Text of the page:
Russian conductor Valery Gergiev is no longer, as of last Monday, Honorary President of the Edinburgh International Festival. In the words of the Festival’s official announcement: “The board of trustees of the Edinburgh International Festival has asked for and accepted the resignation of Valery Gergiev as Honorary President of the Festival.”
It’s unquestionably the right decision, and it can’t have come as much of a surprise to anyone. Gergiev is a long-standing friend and supporter of Vladimir Putin, and enthusiastically backed the Russian President’s 2014 annexation of Crimea.
It’s only the latest in a string of sackings and expulsions for the man described as “the greatest conductor alive” by his European agent Markus Felsner, who dropped Gergiev from his roster last weekend. Gergiev has also lost gigs at Carnegie Hall, La Scala and the Lucerne Festival.
Nor is the EIF’s announcement the only example of solidarity with Ukraine from within Scottish classical music. At last Saturday’s concert in Glasgow, the Royal Scottish National Orchestra’s musicians (as well as visiting conductor Sir Andrew Davis) cast aside their traditional concert garb in favour of yellow and blue T shirts, forming the Ukrainian flag on stage. A statement from the orchestra said: “The idea came in response to calls from staff and musicians to make a visual statement of support for the people of Ukraine. Principal Horn Christopher Gough expressed the RSNO’s support for the people of Ukraine in his introductory remarks at the concert.”
Further afield, many more figures across the world of classical music have come out in solidarity with Ukraine, and condemnation of Putin’s invasion. The big question, though, is why any of this matters. Cynics might argue that these are empty gestures enacted by well-off musicians safe and comfortable far away from the invasion, with little at stake. But there are two key reasons why these actions matter, especially in the world of classical music.
First, and most obviously, because of the message these cancellations and expressions of solidarity send, of outrage at the invasion and of refusal to engage with Putin’s regime. In the rarefied world of classical music, however, they matter profoundly because that art form has long been such a central pillar of Russian culture. Just think of the proud heritage of Russian singers, instrumentalists, orchestras and conductors – and, more importantly, the crucial role they continue to play in Russia’s sense of self.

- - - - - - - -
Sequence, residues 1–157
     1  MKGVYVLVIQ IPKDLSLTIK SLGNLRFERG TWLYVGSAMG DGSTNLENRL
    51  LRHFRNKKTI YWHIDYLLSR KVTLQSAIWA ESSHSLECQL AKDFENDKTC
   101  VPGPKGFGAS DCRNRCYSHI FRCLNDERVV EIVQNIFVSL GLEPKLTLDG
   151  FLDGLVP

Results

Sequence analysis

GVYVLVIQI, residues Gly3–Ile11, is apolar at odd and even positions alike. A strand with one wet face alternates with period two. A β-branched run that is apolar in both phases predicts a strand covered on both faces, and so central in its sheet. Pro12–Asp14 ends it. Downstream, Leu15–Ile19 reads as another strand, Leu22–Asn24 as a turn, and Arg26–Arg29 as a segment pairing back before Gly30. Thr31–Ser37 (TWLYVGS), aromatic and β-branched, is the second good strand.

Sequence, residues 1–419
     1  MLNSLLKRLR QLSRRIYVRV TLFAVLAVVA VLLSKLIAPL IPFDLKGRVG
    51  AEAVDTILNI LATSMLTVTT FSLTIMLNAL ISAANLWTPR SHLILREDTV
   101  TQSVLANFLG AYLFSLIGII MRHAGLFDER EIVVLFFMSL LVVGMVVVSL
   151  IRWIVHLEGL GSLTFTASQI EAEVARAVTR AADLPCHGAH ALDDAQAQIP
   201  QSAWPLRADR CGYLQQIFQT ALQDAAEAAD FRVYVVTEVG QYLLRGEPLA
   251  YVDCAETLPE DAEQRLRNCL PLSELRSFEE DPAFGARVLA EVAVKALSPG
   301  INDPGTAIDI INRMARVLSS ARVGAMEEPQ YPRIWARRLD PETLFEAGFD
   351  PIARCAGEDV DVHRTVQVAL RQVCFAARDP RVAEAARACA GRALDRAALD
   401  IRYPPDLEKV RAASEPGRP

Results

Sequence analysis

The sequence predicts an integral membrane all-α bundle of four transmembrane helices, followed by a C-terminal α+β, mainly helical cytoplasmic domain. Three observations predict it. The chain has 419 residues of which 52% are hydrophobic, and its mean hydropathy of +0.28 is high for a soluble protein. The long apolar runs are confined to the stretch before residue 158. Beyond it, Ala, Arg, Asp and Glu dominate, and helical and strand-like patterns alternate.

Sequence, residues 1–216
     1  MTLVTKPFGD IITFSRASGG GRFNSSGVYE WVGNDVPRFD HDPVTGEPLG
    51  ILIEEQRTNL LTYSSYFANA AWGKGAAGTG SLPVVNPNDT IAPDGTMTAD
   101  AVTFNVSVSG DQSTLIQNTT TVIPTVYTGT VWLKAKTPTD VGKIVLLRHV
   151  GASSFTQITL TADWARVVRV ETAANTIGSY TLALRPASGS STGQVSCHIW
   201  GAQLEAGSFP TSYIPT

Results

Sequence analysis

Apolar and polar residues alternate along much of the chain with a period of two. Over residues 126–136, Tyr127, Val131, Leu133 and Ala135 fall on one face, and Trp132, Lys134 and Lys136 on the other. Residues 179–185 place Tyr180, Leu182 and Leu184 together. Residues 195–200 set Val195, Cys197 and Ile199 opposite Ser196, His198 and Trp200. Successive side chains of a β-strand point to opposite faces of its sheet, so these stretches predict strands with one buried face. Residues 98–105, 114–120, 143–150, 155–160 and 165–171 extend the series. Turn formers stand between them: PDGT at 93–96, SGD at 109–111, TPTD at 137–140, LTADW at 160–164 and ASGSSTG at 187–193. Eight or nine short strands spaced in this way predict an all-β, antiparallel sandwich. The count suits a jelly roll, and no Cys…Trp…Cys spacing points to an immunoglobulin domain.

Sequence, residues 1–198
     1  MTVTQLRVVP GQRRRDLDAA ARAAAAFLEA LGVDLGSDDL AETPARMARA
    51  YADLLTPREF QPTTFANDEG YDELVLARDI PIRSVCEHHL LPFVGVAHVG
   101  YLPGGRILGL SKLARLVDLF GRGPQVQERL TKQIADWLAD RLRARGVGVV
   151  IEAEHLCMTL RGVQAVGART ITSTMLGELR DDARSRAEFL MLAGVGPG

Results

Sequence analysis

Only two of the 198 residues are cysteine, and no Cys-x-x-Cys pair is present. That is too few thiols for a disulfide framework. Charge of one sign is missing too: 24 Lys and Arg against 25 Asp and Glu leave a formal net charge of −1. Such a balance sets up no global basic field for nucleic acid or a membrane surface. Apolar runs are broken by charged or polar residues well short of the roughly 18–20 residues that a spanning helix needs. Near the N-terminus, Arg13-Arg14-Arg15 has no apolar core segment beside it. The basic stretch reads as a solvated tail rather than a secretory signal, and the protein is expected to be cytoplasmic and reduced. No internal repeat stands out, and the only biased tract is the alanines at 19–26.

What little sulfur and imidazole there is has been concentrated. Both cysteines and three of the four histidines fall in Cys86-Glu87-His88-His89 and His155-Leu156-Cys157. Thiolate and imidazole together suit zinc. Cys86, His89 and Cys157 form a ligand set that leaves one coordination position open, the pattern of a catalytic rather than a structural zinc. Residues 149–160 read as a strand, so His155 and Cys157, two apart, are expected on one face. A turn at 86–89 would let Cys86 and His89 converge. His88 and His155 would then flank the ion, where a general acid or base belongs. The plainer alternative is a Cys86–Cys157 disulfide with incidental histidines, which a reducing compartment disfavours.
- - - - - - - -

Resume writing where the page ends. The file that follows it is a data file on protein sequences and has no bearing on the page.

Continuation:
That said, is it fair or right to demand that all Russian musicians condemn their own country’s actions? It’s a vexed question. On the one hand, silence implies consent. On the other, even Russian musicians with international touring careers may have a network of vulnerable friends and family within Russia to consider. The Mariinsky’s star soprano Anna Netrebko made a statement opposing the war, but also wrote: “Forcing artists, or any public figure, to voice their political opinions in public and to denounce their homeland is not right. This should be a free choice. Like many of my colleagues, I am not a political person. I am not an expert in politics. I am an artist and my purpose is to unite people across political divides.” Netrebko may have a high enough profile to discourage retaliation, but others might not be so lucky.
Some international ensembles have considered dropping Russian music from their concert programmes. A step too far? Perhaps it’s more useful to celebrate music’s power for change and subversion – itself a long tradition in Russian culture, as the RSNO’s statement points out: “Music has long been utilised as an act of resistance. Just as we stand with the people of Ukraine, we also stand with those in Russia who have been unwillingly brought into this devastating conflict. We are proud to play music by Shostakovich, a composer persecuted for expressing the terror of living under Stalin’s regime; Rachmaninov, a Russian who celebrated Ukrainian culture and was one of the founders of the Kyiv Conservatory; and Tchaikovsky, who himself was posthumously censored by Putin’s government for his sexuality.”
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